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Interrelationships between diagnosed asthma, asthma-like symptoms, and abnormal airway behaviour in adolescence: the Odense Schoolchild Study.
  1. H. C. Siersted,
  2. G. Mostgaard,
  3. N. Hyldebrandt,
  4. H. S. Hansen,
  5. J. Boldsen,
  6. H. Oxhøj
  1. Odense Schoolchild Study Group, Odense University Hospital, Denmark.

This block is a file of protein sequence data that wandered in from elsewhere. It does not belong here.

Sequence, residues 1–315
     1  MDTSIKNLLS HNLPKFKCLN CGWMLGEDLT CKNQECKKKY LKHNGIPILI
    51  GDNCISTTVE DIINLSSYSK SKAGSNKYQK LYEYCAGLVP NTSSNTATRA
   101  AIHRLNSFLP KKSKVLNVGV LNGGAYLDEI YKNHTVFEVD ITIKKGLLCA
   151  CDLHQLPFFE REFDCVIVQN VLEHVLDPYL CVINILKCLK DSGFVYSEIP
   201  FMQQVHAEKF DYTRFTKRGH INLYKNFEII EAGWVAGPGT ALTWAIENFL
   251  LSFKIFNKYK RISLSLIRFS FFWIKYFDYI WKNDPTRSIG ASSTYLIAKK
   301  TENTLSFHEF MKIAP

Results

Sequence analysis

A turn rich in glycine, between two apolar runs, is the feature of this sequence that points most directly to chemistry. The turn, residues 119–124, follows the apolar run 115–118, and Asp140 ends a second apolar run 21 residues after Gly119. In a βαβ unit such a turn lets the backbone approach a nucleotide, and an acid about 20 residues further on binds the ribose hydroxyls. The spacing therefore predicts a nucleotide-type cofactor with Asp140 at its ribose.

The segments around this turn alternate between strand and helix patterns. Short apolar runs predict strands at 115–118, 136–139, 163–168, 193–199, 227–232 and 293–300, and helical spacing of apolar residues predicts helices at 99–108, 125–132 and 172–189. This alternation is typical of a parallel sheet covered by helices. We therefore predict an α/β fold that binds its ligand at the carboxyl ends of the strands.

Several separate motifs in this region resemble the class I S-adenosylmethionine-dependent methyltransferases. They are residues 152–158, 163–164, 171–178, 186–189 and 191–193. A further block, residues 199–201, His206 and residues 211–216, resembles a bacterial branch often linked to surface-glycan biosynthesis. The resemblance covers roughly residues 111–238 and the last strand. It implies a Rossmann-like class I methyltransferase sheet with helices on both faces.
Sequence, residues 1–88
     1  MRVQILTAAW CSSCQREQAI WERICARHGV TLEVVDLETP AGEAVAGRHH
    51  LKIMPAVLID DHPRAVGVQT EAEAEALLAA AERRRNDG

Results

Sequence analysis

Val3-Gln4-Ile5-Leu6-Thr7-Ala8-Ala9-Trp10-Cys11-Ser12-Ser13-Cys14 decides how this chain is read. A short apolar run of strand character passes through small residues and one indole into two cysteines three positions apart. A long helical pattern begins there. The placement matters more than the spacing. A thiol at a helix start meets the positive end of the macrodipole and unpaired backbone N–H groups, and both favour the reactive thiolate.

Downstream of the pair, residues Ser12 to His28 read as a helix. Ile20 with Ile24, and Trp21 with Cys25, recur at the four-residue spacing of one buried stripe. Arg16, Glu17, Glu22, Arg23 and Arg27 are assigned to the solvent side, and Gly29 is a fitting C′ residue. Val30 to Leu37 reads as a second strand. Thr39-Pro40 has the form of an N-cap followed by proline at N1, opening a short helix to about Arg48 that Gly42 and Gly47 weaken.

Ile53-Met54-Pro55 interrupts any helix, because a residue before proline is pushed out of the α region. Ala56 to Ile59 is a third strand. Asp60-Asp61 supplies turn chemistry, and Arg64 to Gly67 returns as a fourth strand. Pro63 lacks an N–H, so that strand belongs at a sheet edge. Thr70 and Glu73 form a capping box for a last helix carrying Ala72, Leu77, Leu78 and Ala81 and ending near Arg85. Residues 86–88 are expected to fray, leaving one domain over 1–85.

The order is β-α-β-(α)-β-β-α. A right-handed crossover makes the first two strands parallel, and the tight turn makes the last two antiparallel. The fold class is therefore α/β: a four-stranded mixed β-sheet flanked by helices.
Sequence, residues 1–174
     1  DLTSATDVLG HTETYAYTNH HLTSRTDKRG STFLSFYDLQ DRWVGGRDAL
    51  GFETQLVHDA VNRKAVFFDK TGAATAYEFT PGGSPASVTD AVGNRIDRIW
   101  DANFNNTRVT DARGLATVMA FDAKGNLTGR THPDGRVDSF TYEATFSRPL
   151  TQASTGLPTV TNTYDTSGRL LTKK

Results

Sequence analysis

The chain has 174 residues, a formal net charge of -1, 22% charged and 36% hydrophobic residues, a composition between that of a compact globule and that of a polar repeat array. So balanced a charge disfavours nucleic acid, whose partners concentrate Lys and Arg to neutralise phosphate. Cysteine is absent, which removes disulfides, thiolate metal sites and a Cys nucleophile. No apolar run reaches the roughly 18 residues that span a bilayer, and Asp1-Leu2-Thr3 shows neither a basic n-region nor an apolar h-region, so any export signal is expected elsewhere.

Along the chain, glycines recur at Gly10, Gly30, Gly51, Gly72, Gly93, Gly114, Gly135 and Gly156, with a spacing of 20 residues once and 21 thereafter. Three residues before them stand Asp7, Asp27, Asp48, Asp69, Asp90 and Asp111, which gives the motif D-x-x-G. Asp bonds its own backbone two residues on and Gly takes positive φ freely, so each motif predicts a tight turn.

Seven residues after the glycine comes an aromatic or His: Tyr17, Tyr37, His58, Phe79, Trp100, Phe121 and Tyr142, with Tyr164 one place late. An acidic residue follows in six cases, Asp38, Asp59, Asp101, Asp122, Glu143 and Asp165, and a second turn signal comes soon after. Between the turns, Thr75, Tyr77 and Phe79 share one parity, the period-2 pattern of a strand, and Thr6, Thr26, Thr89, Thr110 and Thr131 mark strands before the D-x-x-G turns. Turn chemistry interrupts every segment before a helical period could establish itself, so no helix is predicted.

BACKGROUND: The diagnosis of asthma is based on several characteristics including symptoms and suitable tests of airway lability. However, it is neither clear to what degree various tests and symptoms identify the same subjects, nor how these characteristics are best combined to diagnose asthma. The interrelationships between physician-diagnosed asthma, asthma-like symptoms, and abnormal airway function, as defined by four commonly used tests, have therefore been assessed. METHODS: A population based sample of 495 Danish schoolchildren aged 12-15 years, comprising 292 randomly selected subjects and 203 subjects considered at risk of having or developing asthma, was examined. Symptoms and background information were recorded by questionnaire. The test panel consisted of baseline forced expiratory volume in one second (FEV1%), provocation with treadmill exercise (EXE) and with inhaled methacholine (PD15), and monitoring of peak expiratory flow (PEF) twice daily for two weeks. RESULTS: The sensitivity for diagnosed asthma was highest for PD15 followed by PEF monitoring, whereas specificity for asthma or asthma-like symptoms was marginally higher with the other two tests. Most symptomatic subjects with any positive test were identified by PD15 alone (75%) or in combination with PEF monitoring (89%). PEF variability was more susceptible to treatment with inhaled steroids than the PD15 index. Although inter-test agreement was weak (kappa < 0.40 for all pairs), significant associations were found between PD15 and EXE, PEF and EXE, and FEV1% and PD15. CONCLUSIONS: The agreement between the four tests was weak. In particular, PEF variability and methacholine responsiveness seem to identify different varieties of airway pathophysiology. The combined use of methacholine provocation testing and PEF monitoring may be helpful as an epidemiological screening tool for asthma.

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